Getting WiFi on a plane is a massive bonus for any passenger. But the availability of such services is still very variable between carriers, and the quality of the connectivity provided can be somewhat unpredictable too. For passengers in Europe, however, the future is looking bright, as the European Aviation Network (EAN) is about to really take off.
EAN has been developed by leading aviation connectivity provider Inmarsat. Announced some years ago, the company has been developing, optimizing and refining its offering, with a soft launch with British Airways earlier this year.
Simple Flying caught up with Dominic Walters, Vice President at Inmarsat Aviation, to find out how the rollout is going, and why he thinks 2020 is the year EAN will be aviation’s most talked about innovation.
What is the EAN?
In a nutshell, the EAN is the world’s first inflight WiFi solution to integrate both satellite and ground-based connections for a seamless, high-speed service. Using Inmarsat’s S-band satellite alongside 4G LTE connectivity from Deutsche Telekom, the service is capable of covering all 28 EU member states as well as Switzerland and Norway. Walters told us,
“EAN is an immensely bold vision for Europe. We’ve really delivered in conjunction with our partner Deutsche Telekom one of the most innovative inflight connectivity solutions. It combines satellite and ground systems to deliver the fastest connectivity. It enables us to scale quickly as and when necessary.”
Inmarsat started rolling the EAN out to business aircraft in 2018, and then earlier this year the first commercial flights began to take off. IAG was to be the launch customer, with British Airways the first to install and switch on the facility. Walters continued,
“We currently have about 100 connected aircraft flying today. BA, obviously, is the trailblazer for EAN closely followed by Iberia and now Vueling. BA has been testing and optimizing, and for them digitization is very important. They want to get it right, so they’ve been trailing it, working on it and optimizing all the time.”
As with any brand new service, it’s important to do some tweaks and twiddles in order to get it just right for the customers. It’s great to hear BA are keen to get it absolutely perfect, and what they’re doing will be instrumental in helping Inmarsat roll a successful solution out more widely.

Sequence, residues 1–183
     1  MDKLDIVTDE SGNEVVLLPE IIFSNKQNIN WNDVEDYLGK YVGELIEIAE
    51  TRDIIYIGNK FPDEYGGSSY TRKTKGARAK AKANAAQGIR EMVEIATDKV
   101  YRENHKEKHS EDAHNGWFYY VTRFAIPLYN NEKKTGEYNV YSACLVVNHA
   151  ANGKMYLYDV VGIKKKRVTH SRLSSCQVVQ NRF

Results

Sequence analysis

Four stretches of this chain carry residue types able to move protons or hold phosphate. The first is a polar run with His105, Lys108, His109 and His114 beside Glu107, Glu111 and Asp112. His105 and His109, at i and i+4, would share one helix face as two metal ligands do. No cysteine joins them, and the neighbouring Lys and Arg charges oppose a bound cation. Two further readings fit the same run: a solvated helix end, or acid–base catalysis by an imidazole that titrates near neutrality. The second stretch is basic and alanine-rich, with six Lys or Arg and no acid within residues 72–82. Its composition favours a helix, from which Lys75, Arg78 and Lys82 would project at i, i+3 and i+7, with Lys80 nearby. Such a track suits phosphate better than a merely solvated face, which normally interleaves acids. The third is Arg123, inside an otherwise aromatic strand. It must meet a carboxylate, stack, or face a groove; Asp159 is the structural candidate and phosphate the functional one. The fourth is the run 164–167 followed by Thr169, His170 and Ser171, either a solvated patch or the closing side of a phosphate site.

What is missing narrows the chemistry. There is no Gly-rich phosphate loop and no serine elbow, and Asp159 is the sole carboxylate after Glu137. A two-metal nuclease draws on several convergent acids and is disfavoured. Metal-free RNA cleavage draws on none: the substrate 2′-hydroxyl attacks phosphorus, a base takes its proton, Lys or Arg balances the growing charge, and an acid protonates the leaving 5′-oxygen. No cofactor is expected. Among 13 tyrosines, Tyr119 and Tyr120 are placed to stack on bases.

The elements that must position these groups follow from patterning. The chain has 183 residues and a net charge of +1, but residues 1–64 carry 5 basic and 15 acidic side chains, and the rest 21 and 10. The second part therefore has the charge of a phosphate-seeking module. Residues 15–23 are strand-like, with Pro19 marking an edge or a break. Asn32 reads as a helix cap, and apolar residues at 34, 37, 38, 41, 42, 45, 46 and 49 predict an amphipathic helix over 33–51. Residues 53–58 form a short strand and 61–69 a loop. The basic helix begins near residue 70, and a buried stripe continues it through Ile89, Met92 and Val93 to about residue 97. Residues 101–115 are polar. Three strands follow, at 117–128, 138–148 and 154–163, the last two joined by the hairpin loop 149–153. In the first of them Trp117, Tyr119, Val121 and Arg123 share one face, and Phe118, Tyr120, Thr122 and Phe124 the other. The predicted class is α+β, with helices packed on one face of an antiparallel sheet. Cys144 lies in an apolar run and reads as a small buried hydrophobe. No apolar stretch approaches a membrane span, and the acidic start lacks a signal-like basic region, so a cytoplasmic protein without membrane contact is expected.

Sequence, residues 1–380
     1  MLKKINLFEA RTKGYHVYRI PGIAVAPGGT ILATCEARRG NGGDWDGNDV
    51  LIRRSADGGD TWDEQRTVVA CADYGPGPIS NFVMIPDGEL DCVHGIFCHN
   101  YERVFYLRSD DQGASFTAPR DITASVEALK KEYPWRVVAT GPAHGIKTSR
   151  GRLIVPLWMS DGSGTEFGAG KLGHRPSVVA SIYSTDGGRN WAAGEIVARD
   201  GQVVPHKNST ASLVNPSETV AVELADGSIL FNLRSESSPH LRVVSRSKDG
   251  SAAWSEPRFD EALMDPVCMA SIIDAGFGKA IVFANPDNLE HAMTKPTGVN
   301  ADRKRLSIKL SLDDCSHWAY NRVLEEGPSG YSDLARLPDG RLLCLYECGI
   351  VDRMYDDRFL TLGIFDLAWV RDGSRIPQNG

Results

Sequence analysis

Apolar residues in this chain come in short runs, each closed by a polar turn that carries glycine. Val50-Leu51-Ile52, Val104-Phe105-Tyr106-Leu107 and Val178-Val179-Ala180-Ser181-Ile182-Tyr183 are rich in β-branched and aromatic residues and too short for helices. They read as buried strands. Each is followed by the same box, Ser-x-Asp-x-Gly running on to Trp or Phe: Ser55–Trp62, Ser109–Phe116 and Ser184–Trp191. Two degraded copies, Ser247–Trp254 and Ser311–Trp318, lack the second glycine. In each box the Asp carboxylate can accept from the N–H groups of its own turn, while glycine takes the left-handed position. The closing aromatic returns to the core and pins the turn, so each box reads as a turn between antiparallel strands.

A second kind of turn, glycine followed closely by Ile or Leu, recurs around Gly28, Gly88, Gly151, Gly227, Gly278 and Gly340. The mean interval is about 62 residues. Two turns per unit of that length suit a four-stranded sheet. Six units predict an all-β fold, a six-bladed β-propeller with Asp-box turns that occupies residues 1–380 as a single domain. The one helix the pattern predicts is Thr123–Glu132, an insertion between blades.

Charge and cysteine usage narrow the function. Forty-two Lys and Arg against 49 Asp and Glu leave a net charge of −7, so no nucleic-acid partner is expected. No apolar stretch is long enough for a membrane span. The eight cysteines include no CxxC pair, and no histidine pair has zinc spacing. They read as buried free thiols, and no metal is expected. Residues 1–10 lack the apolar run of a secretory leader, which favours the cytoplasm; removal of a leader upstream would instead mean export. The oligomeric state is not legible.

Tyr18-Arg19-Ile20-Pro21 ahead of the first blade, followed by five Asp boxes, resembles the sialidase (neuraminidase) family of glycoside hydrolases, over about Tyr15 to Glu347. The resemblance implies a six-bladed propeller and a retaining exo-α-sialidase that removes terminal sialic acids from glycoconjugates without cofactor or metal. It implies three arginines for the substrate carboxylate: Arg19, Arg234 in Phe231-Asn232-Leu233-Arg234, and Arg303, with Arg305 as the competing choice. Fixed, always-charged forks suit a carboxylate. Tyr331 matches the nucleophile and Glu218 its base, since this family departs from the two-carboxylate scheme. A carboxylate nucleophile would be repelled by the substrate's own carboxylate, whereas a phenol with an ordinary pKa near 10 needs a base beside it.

2020 is the year of European short-haul WiFi
As 2019 draws to a close, Inmarsat is eager to see where the EAN goes in 2020. So far, only IAG has been testing it, so we can almost certainly expect next year to include many announcements of new airline signing up to the service. Walters said,
“I would say 2019 has been the year of optimization of EAN. 2020 is the year where you’re going to see it really break out of the gate. Everyone is going to be talking about it nonstop.”
But, of course, what we really want to know is – who’s next? Walters was suitably tight-lipped about any names, but was confident that more airlines would be joining very soon.
“We’re talking to a number of airlines about it,” he told us.
The beauty of EAN is that it’s designed for Europe. It doesn’t purport to be an international solution, rather to be the best solution for the European short-haul market, a market which is somewhat devoid of inflight connectivity solutions right now.
It’s also priced very competitively, particularly when compared to Ka-band satellite systems. This means it is a reachable benefit for low-cost carriers as well as full-service airlines. With the likes of easyJet and Ryanair surviving on their ancillary revenues, we wouldn’t be at all surprised to see EAN powered WiFi onboard their aircraft in the future. Be prepared to pay handsomely if you want to use it though!
Where can we use the EAN right now?
Dominic told us that the EAN is already available on hundreds of flights each day. He said,
“Right now, it’s accessible on over 250 routes across Europe, routes from London to Madrid, Barcelona, Geneva, Rome… all of those routes with BA and Iberia offering it. I think there are approximately five and a half million passengers who have been able to connect with EAN. That equates to some 35,000 flights.”
However, this is clearly a small proportion of the potential for the EAN in the future. Walters summed up the outlook for 2020 quite beautifully, saying,
“This is the year of infancy… next year is going to be the teenage years! As we move into 2020 we will see it bursting out and screaming.”